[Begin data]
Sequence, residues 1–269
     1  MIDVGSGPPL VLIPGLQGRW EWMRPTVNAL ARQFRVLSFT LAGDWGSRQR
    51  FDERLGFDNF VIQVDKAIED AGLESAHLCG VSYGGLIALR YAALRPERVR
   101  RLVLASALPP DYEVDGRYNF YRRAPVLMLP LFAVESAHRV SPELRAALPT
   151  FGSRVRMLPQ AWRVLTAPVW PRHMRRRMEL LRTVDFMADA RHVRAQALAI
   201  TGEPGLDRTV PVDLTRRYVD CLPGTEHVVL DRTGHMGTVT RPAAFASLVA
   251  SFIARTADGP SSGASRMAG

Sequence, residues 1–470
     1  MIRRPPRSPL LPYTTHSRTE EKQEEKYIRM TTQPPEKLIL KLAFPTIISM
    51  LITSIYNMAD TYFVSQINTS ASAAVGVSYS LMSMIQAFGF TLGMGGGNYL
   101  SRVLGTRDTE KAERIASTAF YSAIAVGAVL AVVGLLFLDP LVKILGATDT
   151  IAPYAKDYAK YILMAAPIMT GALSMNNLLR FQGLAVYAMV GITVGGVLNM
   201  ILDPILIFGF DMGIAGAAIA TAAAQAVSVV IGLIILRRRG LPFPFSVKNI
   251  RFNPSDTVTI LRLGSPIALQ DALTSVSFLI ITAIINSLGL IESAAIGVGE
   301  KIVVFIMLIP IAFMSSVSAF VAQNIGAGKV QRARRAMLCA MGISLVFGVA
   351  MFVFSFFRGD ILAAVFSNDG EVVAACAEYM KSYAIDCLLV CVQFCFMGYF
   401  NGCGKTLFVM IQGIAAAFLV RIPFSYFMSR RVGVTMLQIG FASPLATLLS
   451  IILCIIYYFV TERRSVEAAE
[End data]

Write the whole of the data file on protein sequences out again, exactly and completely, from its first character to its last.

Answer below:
Sequence, residues 1–269
     1  MIDVGSGPPL VLIPGLQGRW EWMRPTVNAL ARQFRVLSFT LAGDWGSRQR
    51  FDERLGFDNF VIQVDKAIED AGLESAHLCG VSYGGLIALR YAALRPERVR
   101  RLVLASALPP DYEVDGRYNF YRRAPVLMLP LFAVESAHRV SPELRAALPT
   151  FGSRVRMLPQ AWRVLTAPVW PRHMRRRMEL LRTVDFMADA RHVRAQALAI
   201  TGEPGLDRTV PVDLTRRYVD CLPGTEHVVL DRTGHMGTVT RPAAFASLVA
   251  SFIARTADGP SSGASRMAG

Sequence, residues 1–470
     1  MIRRPPRSPL LPYTTHSRTE EKQEEKYIRM TTQPPEKLIL KLAFPTIISM
    51  LITSIYNMAD TYFVSQINTS ASAAVGVSYS LMSMIQAFGF TLGMGGGNYL
   101  SRVLGTRDTE KAERIASTAF YSAIAVGAVL AVVGLLFLDP LVKILGATDT
   151  IAPYAKDYAK YILMAAPIMT GALSMNNLLR FQGLAVYAMV GITVGGVLNM
   201  ILDPILIFGF DMGIAGAAIA TAAAQAVSVV IGLIILRRRG LPFPFSVKNI
   251  RFNPSDTVTI LRLGSPIALQ DALTSVSFLI ITAIINSLGL IESAAIGVGE
   301  KIVVFIMLIP IAFMSSVSAF VAQNIGAGKV QRARRAMLCA MGISLVFGVA
   351  MFVFSFFRGD ILAAVFSNDG EVVAACAEYM KSYAIDCLLV CVQFCFMGYF
   401  NGCGKTLFVM IQGIAAAFLV RIPFSYFMSR RVGVTMLQIG FASPLATLLS
   451  IILCIIYYFV TERRSVEAAE